In my office, I have a total of 6 computers connected via LAN using Ethernet cables and is also connected to the internet with a VDSL router modem using switches.

I am having frequent disconnection problems with the Ethernet cables, so have decided to completely replace the Ethernet cables and the switches with the PCIe WiFi cards on each desktop computer.

What I want to know is, Can I be able to connect to the LAN as before using the PCIe card or it will only add internet connectivity to the computers? I want to see my network computers and work with the files on them when connected to the same WiFi access point.

We have a Huawei HG630a modem and it can handle upto 10 WiFi devices.

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    Lot of parameters: What is the current configuration? Because lot of hardware on Wifi will slow down everything. Is should better to repair/replace network switch/router/cables in the office instead port everything to wifi (also reliable, quick hardwares are expensives). But to answer your question, it can replace, but may will slower (depend on your office's current equipment) – uDev Feb 26 '18 at 15:47
  • What you are suggesting is my first preference actually. But the Ethernet cables have become so old (6-8 yrs may be) and each cable is of 10 meters in length which runs over the walls like creepers which makes the atmosphere look cluttered. So I just want to know whether a PCIe WiFi card can actual do the work of connecting the computers via LAN. – user726761 Feb 26 '18 at 15:54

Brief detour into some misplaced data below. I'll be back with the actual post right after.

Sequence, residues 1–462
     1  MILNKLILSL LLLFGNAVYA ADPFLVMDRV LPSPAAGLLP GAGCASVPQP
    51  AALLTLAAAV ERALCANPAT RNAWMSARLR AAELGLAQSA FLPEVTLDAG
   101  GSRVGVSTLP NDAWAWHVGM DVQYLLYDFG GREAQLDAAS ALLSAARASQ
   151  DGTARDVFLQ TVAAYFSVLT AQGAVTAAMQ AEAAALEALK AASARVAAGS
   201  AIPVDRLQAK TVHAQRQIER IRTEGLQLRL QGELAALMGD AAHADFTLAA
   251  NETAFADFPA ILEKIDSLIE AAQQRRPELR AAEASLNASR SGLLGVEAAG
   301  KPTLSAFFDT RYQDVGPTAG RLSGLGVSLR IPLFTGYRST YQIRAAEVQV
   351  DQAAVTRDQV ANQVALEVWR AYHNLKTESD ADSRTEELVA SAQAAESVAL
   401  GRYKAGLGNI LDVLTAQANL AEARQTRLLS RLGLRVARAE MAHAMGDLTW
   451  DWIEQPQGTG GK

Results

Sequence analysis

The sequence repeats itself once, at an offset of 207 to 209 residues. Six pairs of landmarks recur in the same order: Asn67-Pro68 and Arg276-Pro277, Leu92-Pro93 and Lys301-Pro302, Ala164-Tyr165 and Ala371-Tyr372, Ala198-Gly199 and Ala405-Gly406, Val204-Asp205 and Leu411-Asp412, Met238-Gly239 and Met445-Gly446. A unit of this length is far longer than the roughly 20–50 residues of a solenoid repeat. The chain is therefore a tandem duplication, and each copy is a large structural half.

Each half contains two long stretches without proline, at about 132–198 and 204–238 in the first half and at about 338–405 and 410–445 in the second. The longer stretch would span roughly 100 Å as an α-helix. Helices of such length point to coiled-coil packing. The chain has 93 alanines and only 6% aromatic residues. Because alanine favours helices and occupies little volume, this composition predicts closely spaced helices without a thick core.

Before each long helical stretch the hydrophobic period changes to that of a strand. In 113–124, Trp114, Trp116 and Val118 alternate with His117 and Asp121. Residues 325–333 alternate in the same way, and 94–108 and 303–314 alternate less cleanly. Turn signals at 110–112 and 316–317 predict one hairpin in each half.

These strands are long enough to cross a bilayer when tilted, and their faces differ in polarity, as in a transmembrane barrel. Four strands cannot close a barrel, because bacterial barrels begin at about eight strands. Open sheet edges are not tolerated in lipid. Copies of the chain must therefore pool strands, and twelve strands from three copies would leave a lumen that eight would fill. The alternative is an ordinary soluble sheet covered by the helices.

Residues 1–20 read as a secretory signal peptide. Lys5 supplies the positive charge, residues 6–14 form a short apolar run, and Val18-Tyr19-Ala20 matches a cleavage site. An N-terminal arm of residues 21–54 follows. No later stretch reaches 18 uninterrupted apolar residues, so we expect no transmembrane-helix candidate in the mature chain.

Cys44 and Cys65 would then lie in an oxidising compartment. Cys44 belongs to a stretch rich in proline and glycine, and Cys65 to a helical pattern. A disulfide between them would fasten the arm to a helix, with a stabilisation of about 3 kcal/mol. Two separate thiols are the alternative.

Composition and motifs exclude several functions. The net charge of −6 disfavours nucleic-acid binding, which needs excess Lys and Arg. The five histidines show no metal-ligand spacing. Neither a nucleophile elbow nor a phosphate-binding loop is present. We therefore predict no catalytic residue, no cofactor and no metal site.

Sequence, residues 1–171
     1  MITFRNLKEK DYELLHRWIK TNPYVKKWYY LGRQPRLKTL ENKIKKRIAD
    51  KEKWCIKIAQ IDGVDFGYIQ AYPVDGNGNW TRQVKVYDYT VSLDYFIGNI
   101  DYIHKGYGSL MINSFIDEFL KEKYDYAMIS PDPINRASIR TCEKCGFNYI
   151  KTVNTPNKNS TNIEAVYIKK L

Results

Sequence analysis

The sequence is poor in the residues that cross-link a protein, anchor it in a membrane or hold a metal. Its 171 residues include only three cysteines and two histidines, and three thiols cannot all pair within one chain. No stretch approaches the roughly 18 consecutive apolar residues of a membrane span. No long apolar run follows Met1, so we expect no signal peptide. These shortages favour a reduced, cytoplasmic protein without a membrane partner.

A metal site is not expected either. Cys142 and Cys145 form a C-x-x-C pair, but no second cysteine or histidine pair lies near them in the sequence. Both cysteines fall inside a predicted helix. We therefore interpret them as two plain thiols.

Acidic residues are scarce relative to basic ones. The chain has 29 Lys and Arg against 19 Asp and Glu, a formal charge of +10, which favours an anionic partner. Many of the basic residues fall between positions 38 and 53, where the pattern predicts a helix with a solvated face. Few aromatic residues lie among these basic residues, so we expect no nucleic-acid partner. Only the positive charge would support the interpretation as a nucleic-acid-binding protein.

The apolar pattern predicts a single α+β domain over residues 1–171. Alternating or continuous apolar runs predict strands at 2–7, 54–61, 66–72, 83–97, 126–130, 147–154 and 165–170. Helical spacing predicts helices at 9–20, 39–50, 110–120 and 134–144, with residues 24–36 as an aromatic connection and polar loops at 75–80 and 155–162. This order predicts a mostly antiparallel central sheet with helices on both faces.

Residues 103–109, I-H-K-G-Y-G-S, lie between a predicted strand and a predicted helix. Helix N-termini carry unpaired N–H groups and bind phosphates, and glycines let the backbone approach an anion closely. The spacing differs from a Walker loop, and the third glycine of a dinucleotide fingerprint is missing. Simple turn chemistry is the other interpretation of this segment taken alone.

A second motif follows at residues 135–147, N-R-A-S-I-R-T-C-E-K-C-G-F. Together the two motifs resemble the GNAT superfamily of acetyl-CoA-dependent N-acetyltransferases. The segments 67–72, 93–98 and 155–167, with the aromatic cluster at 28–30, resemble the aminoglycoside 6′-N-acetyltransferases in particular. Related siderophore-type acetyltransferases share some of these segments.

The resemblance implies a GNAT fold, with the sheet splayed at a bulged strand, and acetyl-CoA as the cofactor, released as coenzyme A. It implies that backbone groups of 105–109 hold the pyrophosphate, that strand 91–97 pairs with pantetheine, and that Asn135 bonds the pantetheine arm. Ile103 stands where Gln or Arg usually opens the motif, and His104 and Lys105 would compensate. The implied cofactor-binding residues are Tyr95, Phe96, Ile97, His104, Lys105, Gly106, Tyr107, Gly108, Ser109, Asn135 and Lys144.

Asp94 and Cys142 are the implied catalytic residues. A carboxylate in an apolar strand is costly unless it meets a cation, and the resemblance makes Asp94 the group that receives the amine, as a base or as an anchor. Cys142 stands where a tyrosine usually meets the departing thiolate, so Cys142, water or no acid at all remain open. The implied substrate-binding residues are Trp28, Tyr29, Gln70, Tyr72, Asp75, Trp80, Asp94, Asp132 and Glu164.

• For the system configuration, all the hardware are purchased recently. Each system has a I5 7th gen processor, DDR4 8GB ram, 250GB SSD like so. – user726761 Feb 26 '18 at 15:58
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    Cable "age", provided it is not damaged, is not an issue. Is doing this the right way really not acceptable? The right way here would be to have a reputable cabling contractor (electrician, low voltage, or IT contractor) come in and either repair the cables, which most likely just need proper termination, or properly re-wire it, and install a suitable switch. Would it cost more than a half-dozen WiFi adapters, yes, but it is superior in every way, speed, security, and it is not nearly as susceptible to interference or outside factors. – acejavelin Feb 26 '18 at 17:27
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    I have found cabled LAN is faster, more reliable AND secure than WiFi. For a business enviroment, cables are the way to go where downtime cost more than the cost of a proper system. Its just economics. Proper wifi will cost a siginificant amount too. You don't want the cheapest consumer equipment for that, and cables will still be better in the end. – Damon Feb 26 '18 at 17:37

Yes, Wi-Fi does not distinguish between "LAN" and "Internet" in any way. Just like Ethernet, it provides a simple layer-2 connection to whatever network you need – . (In fact most "wireless routers" just bridge their Wi-Fi to Ethernet.)

Note that Wi-Fi is a shared medium – like old-style Ethernet hubs. (Not like modern Ethernet switches!) This makes performance problems much more frequent. Some problems that come to mind are:

  • Multicast (and broadcast) is a bit problematic with Wi-Fi, as it uses a lot more air-time than regular traffic (possibly up to 15x more per byte).

    For this reason, some wireless APs actually block all multicast & broadcast, thereby preventing the use of "network discovery" features in Windows. (Note: This does not prevent direct LAN communications – only automatic discovery.)

    Make sure your AP doesn't block multicast. If it supports a feature called "multicast enhancement" aka "multicast-to-unicast conversion", you should enable that (IMHO). The defaults vary between AP manufacturers.